This tutorial is from chapter 5 of the Simple Digital Photography book by Rob Sheppard. Visit Wiley
for more information.
Shutter speed is not simply about stopping action. A speed can be too slow for a particular action, causing the movement to be blurred. This is obviously a problem if you want to stop the action of an athlete but get a blurry image. However, blurs can be used creatively and can show more of the world than we can even see. If you want to experiment with blurs, then be sure to choose a shutter speed that really blurs the subject. Slight blurs look like a poorly photographed subject or a mistake.
The world is not timed to a shutter speed
The camera artificially stops action so that you can get a photograph. Movement can be photographed in other ways than simply stopped action, however. When you photograph movement over time, you get a blur, but you also see what movement looks like from a different timeframe.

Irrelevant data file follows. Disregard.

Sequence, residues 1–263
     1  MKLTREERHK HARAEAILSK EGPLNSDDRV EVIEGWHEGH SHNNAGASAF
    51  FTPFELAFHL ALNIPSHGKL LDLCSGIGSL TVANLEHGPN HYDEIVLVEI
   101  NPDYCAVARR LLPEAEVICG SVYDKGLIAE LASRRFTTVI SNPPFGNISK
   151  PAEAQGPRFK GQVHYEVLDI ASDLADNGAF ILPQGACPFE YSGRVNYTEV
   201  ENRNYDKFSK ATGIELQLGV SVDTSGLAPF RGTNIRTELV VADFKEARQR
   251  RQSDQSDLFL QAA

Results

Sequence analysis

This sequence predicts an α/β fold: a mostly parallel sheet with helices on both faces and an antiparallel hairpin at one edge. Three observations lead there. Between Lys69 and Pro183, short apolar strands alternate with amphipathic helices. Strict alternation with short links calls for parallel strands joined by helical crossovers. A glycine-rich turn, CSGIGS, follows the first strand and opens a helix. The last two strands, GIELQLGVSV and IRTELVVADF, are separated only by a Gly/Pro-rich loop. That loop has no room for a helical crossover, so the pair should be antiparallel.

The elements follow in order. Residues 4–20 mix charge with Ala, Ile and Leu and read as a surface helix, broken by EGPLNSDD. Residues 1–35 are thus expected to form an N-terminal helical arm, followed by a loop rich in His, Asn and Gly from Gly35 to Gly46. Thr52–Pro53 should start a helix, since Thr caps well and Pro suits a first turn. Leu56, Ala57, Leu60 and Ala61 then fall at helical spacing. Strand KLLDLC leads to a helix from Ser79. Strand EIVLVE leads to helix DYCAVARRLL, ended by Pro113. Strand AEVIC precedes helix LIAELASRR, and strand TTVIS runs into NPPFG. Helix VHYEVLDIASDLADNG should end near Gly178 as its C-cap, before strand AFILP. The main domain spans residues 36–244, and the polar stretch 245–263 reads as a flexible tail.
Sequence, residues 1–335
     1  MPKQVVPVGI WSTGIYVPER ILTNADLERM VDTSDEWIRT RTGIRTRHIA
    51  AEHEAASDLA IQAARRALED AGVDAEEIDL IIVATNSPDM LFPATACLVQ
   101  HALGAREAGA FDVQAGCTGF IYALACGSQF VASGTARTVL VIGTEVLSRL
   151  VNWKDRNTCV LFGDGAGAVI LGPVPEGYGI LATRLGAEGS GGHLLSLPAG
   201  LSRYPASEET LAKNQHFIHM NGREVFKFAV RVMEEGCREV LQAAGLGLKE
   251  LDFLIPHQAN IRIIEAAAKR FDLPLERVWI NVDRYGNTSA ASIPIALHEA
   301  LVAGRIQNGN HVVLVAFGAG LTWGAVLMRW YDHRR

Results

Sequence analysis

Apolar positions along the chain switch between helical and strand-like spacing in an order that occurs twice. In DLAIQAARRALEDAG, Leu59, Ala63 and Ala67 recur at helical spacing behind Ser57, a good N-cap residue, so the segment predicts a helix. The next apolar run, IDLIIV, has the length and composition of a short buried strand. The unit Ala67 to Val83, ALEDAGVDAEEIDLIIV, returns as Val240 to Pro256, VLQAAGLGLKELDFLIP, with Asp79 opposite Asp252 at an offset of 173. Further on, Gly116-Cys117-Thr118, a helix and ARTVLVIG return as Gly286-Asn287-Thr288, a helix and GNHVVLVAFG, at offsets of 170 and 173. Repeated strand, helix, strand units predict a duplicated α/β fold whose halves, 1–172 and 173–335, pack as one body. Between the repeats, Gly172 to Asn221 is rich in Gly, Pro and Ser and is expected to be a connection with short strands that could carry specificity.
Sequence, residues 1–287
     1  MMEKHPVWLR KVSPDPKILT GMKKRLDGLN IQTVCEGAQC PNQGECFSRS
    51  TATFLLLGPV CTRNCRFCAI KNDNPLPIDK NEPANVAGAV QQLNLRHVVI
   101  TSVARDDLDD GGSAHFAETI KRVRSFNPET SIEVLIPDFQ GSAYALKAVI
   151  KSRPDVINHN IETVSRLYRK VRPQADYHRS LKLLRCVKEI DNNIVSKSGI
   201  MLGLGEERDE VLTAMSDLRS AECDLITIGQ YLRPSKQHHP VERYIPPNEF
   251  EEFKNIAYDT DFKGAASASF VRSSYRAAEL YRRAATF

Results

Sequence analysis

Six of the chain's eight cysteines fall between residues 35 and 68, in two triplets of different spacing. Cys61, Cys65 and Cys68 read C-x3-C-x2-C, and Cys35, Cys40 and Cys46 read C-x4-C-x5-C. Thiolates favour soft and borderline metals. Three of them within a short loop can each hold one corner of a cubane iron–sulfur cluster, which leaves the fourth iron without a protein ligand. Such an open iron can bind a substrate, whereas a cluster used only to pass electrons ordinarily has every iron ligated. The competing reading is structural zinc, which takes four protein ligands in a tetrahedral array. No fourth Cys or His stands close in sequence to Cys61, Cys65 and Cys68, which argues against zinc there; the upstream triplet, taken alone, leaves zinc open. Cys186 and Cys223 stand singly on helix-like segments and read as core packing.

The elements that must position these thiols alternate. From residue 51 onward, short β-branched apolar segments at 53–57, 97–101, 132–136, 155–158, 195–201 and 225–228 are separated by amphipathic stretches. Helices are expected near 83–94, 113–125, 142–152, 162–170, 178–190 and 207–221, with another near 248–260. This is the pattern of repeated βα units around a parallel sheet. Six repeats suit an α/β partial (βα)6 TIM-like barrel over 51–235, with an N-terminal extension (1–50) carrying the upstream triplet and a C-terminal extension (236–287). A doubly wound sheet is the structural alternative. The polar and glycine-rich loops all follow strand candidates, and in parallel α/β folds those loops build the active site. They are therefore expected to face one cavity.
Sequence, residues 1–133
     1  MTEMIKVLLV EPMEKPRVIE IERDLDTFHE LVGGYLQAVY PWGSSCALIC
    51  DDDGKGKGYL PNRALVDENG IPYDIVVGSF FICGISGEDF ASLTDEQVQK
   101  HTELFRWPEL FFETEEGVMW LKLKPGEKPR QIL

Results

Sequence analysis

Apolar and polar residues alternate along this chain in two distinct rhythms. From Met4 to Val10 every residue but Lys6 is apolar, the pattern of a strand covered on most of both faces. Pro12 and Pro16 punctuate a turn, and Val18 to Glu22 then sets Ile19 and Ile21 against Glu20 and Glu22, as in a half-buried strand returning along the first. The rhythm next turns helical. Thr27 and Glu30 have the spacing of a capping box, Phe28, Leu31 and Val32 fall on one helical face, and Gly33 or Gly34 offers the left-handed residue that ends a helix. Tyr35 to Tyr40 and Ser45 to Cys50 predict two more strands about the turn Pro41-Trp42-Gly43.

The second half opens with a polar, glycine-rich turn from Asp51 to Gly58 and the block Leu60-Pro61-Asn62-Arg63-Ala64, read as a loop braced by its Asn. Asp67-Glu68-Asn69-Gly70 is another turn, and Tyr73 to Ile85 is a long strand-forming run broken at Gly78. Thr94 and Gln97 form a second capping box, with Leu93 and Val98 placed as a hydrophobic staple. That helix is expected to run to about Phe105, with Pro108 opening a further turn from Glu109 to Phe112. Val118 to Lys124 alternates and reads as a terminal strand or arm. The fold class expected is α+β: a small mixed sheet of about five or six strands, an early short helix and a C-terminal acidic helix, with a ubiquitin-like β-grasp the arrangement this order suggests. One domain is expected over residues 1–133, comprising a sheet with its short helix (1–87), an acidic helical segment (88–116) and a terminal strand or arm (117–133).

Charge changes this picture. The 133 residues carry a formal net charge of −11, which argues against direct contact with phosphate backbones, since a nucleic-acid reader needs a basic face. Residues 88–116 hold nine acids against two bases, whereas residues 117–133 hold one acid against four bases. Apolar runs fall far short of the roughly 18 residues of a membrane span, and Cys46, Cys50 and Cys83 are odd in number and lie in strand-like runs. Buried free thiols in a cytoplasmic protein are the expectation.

Slow shutter speeds create blur
Slow shutter speeds mean that your shutter is open while movement and action occur. That creates blur. How slow a shutter speed causes blur depends on the movement. A hummingbird's wings can be blurred at 1/10,000 second but a snail is not blurred at 1/60 second.
Water looks great with slow shutter speeds
Water is a classic subject for slow shutter speeds. This allows you to get those beautiful, smooth water shots that actually show the flow patterns of the water. Try shutter speeds of ½ to 1 second at first and then check the results in your LCD. You need a tripod or other camera support for slow speeds.
Blurs can be creative
When slow shutter speeds are used on other subjects, the results can be unpredictable, but also quite attention getting. For example, try sports action at 1/8 or 1/15 second. Follow the subject as it moves and release the shutter as you continue to pan with the subject.